After another weekend of binge-watching Walter, Hank, Skyler and crew, I definitely have the Land of Enchantment on the brain. How could I not after watching – no, strike that, after Devouring. Like a Rabid, Foaming-At-The-Mouth Animal! Seasons 4-5 of ABQ-based Breaking Bad over an eye-searing three-day period (with little more than a sporadic water break). An aside: do friends and family have interventions for Netflix addiction? Just curious. My friend wants to know (cough). I also concede that I’m way way late to the party on this, but the stories are true: Br/Ba is an absolute TV masterpiece. That’s why today’s featured case is geographically appealing to me. Not only that, but its subject matter is interesting and its lessons, both cautionary and profound.
The Case and Facts: Encinias v. Whitener Law Firm (Sept. 12, 2013)
Plaintiff high school student was injured in 2004 when he was badly beaten by a group of students on property adjacent to the school. Plaintiff hired defendant law firm (Firm) in 2006 to file a personal injury suit against the defendant school district for failure to protect plaintiff and to properly respond to the attack. The Firm failed to file suit before the two-year statute of limitations ran in October 2006. Sometime in 2008, after plaintiff made several queries concerning the case’s status, the Firm informed plaintiff that it missed the filing deadline. Plaintiff then sued for legal malpractice.
Disposition: The Supreme Court reversed lower court rulings for the Firm and reinstated the plaintiff’s claim.
Legal Malpractice Claim
Plaintiff’s legal malpractice claim asserted that because of the Firm’s failure to timely file suit, plaintiff’s claims against the school district are forever lost. To plead legal malpractice in New Mexico, the plaintiff must show: (1) the employment of the defendant attorney; (2) the defendant attorney’s neglect of a reasonable duty; and (3) the negligence resulted in and was the proximate cause of loss to the client. The NM Supreme Court focused on element three: loss to the plaintiff/client.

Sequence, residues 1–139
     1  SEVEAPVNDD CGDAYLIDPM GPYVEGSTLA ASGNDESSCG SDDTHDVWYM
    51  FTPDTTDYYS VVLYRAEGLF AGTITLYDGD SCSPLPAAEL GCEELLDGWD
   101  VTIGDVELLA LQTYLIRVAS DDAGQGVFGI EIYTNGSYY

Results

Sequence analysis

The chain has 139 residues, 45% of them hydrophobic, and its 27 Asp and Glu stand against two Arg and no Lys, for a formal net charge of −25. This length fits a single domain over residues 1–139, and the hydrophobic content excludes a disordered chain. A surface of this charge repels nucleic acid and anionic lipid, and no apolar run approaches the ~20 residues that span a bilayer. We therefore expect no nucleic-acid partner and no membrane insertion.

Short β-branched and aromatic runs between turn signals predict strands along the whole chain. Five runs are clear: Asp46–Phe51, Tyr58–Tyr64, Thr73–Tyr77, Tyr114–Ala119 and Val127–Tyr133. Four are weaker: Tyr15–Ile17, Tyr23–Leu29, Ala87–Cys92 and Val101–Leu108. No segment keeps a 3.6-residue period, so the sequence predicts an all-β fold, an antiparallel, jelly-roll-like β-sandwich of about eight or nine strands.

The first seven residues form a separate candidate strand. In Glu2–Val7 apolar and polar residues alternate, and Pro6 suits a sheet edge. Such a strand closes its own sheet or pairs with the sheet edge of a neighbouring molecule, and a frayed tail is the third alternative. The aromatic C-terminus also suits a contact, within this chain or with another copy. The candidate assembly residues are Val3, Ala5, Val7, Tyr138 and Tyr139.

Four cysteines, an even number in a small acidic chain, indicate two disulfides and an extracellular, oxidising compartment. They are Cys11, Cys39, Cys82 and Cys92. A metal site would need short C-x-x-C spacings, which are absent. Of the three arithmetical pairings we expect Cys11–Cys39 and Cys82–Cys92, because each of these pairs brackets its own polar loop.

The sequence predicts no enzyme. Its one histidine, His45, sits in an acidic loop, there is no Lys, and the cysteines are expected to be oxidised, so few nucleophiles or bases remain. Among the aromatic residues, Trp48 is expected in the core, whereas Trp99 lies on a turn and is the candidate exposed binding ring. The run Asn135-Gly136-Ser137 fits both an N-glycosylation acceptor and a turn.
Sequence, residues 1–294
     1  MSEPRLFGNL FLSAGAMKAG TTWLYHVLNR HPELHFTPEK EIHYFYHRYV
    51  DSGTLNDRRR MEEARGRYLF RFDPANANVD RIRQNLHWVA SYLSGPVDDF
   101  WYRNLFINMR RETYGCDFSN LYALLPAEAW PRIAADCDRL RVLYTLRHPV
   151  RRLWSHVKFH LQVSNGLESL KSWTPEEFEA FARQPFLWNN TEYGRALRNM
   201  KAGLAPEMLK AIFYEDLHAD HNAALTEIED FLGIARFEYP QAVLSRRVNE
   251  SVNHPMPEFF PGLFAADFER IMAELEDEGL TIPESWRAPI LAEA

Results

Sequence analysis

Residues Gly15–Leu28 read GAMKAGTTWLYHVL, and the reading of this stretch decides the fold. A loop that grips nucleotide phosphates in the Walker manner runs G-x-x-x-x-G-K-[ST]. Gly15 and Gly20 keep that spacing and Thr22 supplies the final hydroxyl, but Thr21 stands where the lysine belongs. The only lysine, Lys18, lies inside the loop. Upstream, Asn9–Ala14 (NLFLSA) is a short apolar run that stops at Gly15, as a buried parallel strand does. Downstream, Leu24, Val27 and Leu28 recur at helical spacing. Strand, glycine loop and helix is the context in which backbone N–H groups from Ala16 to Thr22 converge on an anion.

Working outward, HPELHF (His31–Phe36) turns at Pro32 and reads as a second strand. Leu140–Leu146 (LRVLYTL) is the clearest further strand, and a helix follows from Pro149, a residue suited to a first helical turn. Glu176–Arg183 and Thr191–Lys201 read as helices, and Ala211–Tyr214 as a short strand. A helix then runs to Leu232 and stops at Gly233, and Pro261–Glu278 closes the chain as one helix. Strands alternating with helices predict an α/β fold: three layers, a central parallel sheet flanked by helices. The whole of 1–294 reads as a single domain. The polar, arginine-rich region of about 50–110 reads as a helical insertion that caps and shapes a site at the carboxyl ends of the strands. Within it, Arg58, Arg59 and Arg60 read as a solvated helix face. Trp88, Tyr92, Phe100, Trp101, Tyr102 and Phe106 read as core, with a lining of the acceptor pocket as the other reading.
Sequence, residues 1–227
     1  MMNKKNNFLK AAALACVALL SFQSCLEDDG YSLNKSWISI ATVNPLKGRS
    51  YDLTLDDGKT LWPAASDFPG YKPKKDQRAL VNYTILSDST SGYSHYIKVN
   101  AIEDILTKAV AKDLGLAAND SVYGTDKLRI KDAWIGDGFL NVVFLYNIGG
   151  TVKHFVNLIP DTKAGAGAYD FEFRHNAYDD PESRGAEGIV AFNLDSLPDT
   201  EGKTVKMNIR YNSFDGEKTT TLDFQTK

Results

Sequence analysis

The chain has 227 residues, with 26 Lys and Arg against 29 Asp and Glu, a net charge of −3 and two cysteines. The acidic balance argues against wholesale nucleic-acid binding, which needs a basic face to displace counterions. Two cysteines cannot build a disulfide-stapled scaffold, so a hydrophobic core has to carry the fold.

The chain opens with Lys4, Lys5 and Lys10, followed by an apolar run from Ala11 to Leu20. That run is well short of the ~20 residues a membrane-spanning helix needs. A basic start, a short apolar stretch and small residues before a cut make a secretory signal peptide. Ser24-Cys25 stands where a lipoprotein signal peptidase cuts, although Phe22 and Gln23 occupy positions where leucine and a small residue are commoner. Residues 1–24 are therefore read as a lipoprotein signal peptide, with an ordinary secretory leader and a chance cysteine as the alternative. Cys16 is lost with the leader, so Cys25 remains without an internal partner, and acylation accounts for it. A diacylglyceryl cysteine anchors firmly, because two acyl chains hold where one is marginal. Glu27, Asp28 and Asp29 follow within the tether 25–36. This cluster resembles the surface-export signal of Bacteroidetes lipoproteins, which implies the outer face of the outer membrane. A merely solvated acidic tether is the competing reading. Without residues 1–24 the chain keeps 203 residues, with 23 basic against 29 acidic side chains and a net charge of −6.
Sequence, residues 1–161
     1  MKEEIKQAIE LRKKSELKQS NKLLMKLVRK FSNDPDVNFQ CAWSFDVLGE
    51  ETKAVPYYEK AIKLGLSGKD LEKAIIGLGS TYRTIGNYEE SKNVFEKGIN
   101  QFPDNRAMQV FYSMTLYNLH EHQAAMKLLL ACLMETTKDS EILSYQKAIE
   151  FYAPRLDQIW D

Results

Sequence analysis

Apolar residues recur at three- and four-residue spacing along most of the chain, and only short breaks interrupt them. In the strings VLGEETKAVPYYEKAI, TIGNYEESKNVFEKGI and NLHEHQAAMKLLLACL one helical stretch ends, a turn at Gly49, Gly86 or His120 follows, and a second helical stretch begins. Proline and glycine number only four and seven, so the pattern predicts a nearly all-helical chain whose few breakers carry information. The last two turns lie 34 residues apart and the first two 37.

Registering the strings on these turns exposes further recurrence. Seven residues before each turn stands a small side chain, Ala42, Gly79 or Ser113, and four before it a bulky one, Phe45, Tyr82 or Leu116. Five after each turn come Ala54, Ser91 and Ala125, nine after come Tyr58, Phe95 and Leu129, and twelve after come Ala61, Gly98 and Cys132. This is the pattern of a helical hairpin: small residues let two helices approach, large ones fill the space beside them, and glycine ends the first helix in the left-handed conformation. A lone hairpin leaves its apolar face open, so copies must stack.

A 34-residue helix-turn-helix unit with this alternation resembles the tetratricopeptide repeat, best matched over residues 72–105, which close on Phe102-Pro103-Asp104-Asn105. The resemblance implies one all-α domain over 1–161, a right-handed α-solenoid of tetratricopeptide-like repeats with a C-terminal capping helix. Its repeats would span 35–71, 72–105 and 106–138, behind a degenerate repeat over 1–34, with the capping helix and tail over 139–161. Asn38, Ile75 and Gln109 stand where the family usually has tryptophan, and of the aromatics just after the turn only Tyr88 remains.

A NM legal malpractice plaintiff must prove loss by showing by a preponderance of the evidence that he or she would have won the underlying claim but for the attorney’s negligence. Richardson v. Glass, 1992-NMSC-046, ¶ 10. The Firm argued that since the plaintiff’s suit would be defeated by sovereign immunity doctrine, plaintiff would have lost even if his complaint was timely filed.
The Supreme Court rejected this argument and found a triable fact question as to whether the school district waived sovereign immunity under New Mexico’s premises liability principles reflected in its tort claims statute. Section 41-4-6(A); ¶¶ 8-9. The Court focused on an assistant principal’s affidavit testimony that the location of the fight was a known “hot zone” for fighting students. This genuine issue of fact regarding the school’s knowledge of a dangerous condition on or near the school, meant that plaintiff could prevail in the underlying case and defeated summary judgment. ¶ 13.
The Misrepresentation claim
Plaintiff alleged the Firm misrepresented that (a) no work had been done on the case and (b) the limitations period expired. The Firm didn’t tell plaintiff until Spring 2008 that the statute ran, when there was evidence the Firm knew this in July 2007. ¶ 21. The Court rejected the lower courts finding that despite the Firm’s withholding information, plaintiff still didn’t sustain actual damages.
NM law permits intentional tort plaintiffs to recover nominal and punitive damages and plaintiff pled punitive damages against the Firm in his misrepresentation count. Pointing out that the Firm specifically (and erroneously) assured the Plaintiff in October 2006 that the statute of limitations had not run and that the Firm was actively working the case, it was reasonable for plaintiff to rely on the Firm’s representations.
The Court held that the Firm’s failure to disclose that no work had been done damaged plaintiff’s ability to pursue his case against the school district. Id., ¶¶22-23. The Court noted record evidence that the Firm’s withholding case information (that it wasn’t working on the case and later, that the statute expired) from plaintiff made it difficult for plaintiff to collect supporting evidence in the underlying case. Id. And since a NM intentional tort claim doesn’t require actual damages, plaintiff established a material question of fact on his misrepresentation claim against the Firm.
Lessons: Practitioners should be cognizant and hyper-vigilant as to filing deadlines. An undercurrent of the Court’s ruling is that the Firm not only failed to timely file, they repeatedly failed to keep the plaintiff informed of the case status.
The case also shows that actual damages aren’t required in New Mexico to state a colorable misrepresentation claim and that if a plaintiff pleads nominal or punitive damages, his claim can survive summary judgment.